Measuring success: How GM scores on energy
GM shows how they earned the Energy Star Challenge from the Environmental Protection Agency
General Motors has earned the Energy Star Challenge for Industry from the U.S. EPA. Among the statistics that led to that designation:
- In 2012, GM improved the energy efficiency of U.S. operations by 11% over 2011, and saved $20 million in energy costs.
- The 280,000 metric tons of avoided carbon dioxide emissions is equivalent to annual emissions from 52,900 passenger vehicles. GM’s goal is to reduce energy intensity from all of its U.S. facilities by 20% by 2020.
- The resulting CO2 equivalent reduction of 1,256,000 metric tons is equal to the electricity needed to power more than 142,069 homes annually or provide electricity to a city about the size of New Orleans for one year.
- Tracking energy use on a real-time basis for U.S. manufacturing sites resulted in nearly 2.5 million points of energy data, which are monitored every minute to create real-time energy performance indicators.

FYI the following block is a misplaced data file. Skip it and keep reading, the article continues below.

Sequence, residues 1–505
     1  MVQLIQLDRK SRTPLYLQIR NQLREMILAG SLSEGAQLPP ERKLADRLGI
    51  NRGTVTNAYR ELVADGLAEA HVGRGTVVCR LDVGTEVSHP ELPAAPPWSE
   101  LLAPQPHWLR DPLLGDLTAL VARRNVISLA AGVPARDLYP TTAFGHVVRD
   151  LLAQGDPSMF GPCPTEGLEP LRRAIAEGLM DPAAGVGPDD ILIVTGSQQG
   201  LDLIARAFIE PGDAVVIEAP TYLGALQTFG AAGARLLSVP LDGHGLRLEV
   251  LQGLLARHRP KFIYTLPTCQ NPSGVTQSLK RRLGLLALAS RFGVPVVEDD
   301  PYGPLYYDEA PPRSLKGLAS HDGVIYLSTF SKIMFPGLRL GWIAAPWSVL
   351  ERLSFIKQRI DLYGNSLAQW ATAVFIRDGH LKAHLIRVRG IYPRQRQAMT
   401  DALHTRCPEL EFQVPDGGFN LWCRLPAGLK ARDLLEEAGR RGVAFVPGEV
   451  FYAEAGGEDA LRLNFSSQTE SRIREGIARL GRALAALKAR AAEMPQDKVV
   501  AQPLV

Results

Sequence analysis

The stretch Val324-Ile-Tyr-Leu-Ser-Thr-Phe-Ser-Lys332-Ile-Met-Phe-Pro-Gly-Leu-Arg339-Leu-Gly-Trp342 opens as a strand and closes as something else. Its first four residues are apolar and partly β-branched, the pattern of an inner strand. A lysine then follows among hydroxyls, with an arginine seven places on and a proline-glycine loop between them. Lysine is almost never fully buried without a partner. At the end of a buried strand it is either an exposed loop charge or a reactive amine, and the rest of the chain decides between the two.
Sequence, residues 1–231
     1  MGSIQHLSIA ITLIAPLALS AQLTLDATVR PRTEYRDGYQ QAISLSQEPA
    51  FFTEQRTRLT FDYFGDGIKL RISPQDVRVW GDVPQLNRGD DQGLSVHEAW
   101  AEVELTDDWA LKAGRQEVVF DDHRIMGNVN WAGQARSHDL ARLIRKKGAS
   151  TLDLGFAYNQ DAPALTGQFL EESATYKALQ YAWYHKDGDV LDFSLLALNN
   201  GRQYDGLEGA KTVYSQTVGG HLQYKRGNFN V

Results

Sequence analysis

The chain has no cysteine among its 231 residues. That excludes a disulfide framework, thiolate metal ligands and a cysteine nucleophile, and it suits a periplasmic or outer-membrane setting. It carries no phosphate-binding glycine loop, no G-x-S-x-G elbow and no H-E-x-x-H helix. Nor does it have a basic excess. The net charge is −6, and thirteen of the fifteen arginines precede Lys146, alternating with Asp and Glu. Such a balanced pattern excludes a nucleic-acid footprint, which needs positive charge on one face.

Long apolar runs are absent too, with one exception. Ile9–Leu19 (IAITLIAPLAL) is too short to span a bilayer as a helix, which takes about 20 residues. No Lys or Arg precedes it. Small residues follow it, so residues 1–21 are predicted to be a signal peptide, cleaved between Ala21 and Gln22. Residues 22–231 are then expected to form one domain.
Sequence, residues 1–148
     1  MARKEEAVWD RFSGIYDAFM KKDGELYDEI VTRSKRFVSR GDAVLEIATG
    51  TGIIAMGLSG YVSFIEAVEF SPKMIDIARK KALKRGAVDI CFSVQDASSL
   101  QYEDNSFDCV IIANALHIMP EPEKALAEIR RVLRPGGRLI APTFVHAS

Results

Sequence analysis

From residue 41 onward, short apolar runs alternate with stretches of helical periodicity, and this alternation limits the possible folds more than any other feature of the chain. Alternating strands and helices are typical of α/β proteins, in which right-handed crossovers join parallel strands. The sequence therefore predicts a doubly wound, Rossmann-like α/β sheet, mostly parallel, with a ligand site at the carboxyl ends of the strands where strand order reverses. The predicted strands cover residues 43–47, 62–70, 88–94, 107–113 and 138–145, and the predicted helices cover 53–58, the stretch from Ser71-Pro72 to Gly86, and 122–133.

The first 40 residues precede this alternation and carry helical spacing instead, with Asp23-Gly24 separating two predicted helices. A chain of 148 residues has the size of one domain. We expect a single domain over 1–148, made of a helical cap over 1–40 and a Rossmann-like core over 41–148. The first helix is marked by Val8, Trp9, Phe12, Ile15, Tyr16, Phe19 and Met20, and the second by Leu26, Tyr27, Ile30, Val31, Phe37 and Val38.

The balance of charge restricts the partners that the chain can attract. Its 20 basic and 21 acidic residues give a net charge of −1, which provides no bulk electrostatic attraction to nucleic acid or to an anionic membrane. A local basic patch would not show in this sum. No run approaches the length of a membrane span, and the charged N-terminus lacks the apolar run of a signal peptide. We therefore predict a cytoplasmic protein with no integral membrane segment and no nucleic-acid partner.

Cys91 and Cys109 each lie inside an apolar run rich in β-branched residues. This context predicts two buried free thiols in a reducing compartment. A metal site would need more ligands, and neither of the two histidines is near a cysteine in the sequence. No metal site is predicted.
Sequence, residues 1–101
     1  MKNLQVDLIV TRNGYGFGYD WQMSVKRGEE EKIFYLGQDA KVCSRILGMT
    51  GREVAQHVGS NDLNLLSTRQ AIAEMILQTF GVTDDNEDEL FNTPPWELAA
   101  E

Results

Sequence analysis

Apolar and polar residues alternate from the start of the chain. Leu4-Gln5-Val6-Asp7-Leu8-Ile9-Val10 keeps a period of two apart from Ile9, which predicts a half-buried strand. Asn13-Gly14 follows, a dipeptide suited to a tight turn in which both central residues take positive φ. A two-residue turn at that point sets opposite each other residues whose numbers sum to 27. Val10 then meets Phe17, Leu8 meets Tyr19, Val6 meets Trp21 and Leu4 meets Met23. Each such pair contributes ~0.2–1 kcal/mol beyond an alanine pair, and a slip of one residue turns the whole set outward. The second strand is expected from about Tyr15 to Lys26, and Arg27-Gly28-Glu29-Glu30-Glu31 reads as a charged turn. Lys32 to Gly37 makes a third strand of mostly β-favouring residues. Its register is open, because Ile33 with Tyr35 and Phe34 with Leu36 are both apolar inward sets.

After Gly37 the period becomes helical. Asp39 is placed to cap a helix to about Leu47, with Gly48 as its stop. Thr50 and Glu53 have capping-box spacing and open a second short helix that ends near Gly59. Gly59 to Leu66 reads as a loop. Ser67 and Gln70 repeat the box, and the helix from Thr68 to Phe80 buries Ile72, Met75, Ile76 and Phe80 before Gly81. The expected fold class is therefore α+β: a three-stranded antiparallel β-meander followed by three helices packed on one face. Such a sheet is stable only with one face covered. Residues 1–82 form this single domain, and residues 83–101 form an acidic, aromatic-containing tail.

- Managing energy in its operations by retro-commissioning two assembly plants’ heating, ventilation, and air conditioning systems saved $5 million in 2012, and applying similar processes elsewhere in the United States will save $3 million.
- GM’s 54 facilities cut energy intensity by an average of 26% within just two to three years.
(Source: General Motors)
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Annual Salary Survey
Before the calendar turned, 2016 already had the makings of a pivotal year for manufacturing, and for the world.
There were the big events for the year, including the United States as Partner Country at Hannover Messe in April and the 2016 International Manufacturing Technology Show in Chicago in September. There's also the matter of the U.S. presidential elections in November, which promise to shape policy in manufacturing for years to come.
But the year started with global economic turmoil, as a slowdown in Chinese manufacturing triggered a worldwide stock hiccup that sent values plummeting. The continued plunge in world oil prices has resulted in a slowdown in exploration and, by extension, the manufacture of exploration equipment.
Read more: 2015 Salary Survey